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Roscoe Lee Browne
It is during the great depression in the US, and the land is full of people who are now homeless. Those people, commonly called "hobos", are truly hated by Shack (Borgnine), a sadistical railway conductor who swore that no hobo will ride his train for free. Well, no-one but "A" Number One (Lee Marvin), who is ready to put his life at stake to become a local legend - as the first person who survived the trip on Shack's notorious train. Written by
Brian Peterson email@example.com
The title refers to a joke among hobos during the Great Depression that the world's best hobo was Emperor of the North Pole, a way of poking fun at their own desperate situation since somebody ruling over the North Pole would be ruling over a wasteland. See more »
After A-No.1 trips the brakes on the train near the end of the film, Shack tries to get it going again by pushing forward the Johnson Bar and pulling back the throttle. Immediately after he does this, he grabs the Hogger and throws him into his seat, telling him to get the train going. The Hogger pushes forward the Johnson Bar and pulls back on the throttle again, them having magically returned to their previous positions. See more »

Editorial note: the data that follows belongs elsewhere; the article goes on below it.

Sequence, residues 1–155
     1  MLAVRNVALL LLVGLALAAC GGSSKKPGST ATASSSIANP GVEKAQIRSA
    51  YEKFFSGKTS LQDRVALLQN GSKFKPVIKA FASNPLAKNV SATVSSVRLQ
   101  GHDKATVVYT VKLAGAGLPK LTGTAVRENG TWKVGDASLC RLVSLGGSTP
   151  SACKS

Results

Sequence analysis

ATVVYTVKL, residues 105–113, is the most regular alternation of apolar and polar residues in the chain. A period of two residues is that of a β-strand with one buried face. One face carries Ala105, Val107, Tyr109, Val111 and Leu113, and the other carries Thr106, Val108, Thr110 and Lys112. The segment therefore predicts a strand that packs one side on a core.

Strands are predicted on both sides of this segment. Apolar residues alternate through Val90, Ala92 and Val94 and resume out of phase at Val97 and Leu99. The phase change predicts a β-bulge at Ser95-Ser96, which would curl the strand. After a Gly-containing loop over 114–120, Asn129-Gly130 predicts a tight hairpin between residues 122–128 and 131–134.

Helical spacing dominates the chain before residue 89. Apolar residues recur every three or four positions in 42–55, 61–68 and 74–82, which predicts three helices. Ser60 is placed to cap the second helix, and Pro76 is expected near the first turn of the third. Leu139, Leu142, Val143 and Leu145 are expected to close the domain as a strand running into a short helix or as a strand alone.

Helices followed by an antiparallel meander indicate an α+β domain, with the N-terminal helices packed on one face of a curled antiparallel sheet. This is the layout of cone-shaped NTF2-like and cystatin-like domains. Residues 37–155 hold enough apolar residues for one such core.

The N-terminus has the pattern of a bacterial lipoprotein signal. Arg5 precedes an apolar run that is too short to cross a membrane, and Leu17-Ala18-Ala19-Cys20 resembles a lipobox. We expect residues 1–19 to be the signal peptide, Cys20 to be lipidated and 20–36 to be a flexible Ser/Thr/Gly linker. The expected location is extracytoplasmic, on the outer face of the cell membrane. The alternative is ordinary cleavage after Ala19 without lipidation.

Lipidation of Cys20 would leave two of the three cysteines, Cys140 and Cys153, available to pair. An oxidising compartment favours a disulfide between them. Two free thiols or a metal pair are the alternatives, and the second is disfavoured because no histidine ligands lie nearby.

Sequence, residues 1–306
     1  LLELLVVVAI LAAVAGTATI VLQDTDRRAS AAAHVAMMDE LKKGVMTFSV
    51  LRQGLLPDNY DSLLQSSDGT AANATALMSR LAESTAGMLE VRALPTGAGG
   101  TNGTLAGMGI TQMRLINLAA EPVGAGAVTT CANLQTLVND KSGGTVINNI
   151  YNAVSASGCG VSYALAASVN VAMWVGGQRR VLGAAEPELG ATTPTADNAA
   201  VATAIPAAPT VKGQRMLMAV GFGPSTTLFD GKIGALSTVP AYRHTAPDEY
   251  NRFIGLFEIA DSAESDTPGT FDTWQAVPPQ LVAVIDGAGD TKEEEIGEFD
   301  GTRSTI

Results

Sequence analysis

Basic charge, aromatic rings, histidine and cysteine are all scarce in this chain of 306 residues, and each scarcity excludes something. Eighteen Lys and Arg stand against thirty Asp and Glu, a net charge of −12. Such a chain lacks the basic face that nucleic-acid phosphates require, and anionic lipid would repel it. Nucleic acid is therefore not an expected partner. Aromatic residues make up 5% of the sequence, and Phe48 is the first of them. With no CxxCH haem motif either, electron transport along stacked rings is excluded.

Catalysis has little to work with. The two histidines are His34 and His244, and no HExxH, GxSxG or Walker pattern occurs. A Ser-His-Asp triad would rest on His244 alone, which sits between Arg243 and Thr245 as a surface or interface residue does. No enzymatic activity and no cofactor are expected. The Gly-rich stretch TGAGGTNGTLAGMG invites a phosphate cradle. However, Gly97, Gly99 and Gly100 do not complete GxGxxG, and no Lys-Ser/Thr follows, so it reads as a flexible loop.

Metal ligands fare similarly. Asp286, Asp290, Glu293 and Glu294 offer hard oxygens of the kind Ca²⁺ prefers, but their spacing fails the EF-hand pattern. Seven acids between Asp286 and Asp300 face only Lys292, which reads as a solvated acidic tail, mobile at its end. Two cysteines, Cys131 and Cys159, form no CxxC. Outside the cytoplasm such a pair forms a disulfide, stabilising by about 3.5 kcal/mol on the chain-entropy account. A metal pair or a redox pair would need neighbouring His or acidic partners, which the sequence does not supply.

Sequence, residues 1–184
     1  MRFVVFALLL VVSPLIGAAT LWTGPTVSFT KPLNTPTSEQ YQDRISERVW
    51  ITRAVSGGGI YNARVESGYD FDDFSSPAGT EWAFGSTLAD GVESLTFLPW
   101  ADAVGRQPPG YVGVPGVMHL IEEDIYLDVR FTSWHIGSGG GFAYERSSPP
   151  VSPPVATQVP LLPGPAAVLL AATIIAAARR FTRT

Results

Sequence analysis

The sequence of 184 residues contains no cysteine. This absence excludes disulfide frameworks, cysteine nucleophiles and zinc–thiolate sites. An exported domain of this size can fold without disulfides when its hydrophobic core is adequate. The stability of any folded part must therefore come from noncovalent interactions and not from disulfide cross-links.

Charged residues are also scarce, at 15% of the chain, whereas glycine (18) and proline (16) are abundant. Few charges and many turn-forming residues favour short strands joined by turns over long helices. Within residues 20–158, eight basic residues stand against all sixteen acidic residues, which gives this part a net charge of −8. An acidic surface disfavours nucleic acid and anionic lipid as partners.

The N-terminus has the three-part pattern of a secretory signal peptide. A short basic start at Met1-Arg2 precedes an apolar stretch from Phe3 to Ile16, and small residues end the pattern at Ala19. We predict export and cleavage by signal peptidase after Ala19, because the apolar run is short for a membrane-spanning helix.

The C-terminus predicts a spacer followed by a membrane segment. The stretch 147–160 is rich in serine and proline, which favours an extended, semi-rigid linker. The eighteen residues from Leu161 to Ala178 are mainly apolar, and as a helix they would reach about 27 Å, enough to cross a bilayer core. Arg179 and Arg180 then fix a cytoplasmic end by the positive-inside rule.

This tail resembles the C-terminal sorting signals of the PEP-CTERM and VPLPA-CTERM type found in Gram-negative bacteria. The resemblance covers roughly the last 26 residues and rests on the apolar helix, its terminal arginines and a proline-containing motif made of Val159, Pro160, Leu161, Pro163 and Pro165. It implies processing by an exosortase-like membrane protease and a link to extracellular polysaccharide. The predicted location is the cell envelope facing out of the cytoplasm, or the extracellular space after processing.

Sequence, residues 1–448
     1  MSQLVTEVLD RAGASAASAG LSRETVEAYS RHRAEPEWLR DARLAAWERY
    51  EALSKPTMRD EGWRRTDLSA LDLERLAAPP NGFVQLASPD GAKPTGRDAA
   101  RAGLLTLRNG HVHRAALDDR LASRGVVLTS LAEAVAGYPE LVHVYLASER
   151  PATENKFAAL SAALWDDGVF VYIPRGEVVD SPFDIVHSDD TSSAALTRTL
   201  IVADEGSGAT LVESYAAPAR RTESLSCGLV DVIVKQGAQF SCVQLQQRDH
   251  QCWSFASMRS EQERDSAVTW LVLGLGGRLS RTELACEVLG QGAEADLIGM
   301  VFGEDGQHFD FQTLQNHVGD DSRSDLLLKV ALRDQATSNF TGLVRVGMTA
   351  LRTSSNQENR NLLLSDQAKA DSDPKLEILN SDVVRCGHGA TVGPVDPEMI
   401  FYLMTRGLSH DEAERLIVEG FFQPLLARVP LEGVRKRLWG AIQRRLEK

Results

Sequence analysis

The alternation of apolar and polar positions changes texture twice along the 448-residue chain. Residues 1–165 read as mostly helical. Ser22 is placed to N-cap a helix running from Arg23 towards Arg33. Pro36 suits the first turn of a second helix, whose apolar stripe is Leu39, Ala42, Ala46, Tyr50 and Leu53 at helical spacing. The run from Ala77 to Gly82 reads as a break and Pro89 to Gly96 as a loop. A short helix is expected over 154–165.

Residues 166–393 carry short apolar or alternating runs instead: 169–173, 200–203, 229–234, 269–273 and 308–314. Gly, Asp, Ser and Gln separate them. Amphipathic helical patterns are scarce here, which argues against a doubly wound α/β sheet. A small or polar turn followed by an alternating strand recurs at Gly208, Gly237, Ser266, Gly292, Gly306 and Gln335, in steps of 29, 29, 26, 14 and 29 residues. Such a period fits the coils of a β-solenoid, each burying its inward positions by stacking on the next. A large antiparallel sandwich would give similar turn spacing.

This is a man's movie: ugly, violent, and pessimistic...it's great!
This movie scared the hell out of me when I was little, mostly because I'd never seen an evil Ernest Borgnine. With his fierce eyes, maniacal laugh, and drop-forged fists, he commands every scene with a demonic self-assurance. You have to see this movie just to see Borgnine, he's perfect as the railway conductor. He's like a violent gorilla in a conductor suit. Lee Marvin as Number One mumbles his way through the movie with an impressive vocabulary and intelligence that belies his appearance. He wanders about waxing philosophical about the state of the world, the battle between good and evil, and his place in the grand scheme of things. Keith Carradine wouldn't have been my choice for the role of the young kid, he just wasn't very convincing and some of his lines come off a bit forced and awkward. One of the other reviewers mentioned the photography, and I'm left wondering how they got some of the shots, especially considering the movie was made thirty years ago with gigantic, bulky cameras. There are scenes where the train is way out in the middle of nowhere and the camera is actually pacing the train and the action that happens on it; great photography. This is a very good film and worthy of all the praise it gets from the other reviews.
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